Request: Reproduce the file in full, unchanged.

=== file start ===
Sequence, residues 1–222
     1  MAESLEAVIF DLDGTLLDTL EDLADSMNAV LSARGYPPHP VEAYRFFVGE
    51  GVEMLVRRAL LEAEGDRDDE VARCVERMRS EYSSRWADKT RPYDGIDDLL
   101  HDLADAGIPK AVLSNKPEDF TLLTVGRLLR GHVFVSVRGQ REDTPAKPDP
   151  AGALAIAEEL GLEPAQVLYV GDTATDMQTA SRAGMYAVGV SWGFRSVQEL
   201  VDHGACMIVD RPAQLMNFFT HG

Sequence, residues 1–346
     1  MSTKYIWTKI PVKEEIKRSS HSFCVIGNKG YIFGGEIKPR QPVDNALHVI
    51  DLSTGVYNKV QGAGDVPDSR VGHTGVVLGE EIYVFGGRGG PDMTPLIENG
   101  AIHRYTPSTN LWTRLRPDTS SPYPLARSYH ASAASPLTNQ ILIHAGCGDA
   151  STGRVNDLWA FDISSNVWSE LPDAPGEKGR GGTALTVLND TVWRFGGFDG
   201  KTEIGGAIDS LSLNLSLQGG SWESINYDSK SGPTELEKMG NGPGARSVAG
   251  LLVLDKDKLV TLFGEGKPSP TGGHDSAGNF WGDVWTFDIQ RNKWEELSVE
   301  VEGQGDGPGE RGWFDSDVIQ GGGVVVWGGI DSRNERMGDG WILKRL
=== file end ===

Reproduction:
Sequence, residues 1–222
     1  MAESLEAVIF DLDGTLLDTL EDLADSMNAV LSARGYPPHP VEAYRFFVGE
    51  GVEMLVRRAL LEAEGDRDDE VARCVERMRS EYSSRWADKT RPYDGIDDLL
   101  HDLADAGIPK AVLSNKPEDF TLLTVGRLLR GHVFVSVRGQ REDTPAKPDP
   151  AGALAIAEEL GLEPAQVLYV GDTATDMQTA SRAGMYAVGV SWGFRSVQEL
   201  VDHGACMIVD RPAQLMNFFT HG

Sequence, residues 1–346
     1  MSTKYIWTKI PVKEEIKRSS HSFCVIGNKG YIFGGEIKPR QPVDNALHVI
    51  DLSTGVYNKV QGAGDVPDSR VGHTGVVLGE EIYVFGGRGG PDMTPLIENG
   101  AIHRYTPSTN LWTRLRPDTS SPYPLARSYH ASAASPLTNQ ILIHAGCGDA
   151  STGRVNDLWA FDISSNVWSE LPDAPGEKGR GGTALTVLND TVWRFGGFDG
   201  KTEIGGAIDS LSLNLSLQGG SWESINYDSK SGPTELEKMG NGPGARSVAG
   251  LLVLDKDKLV TLFGEGKPSP TGGHDSAGNF WGDVWTFDIQ RNKWEELSVE
   301  VEGQGDGPGE RGWFDSDVIQ GGGVVVWGGI DSRNERMGDG WILKRL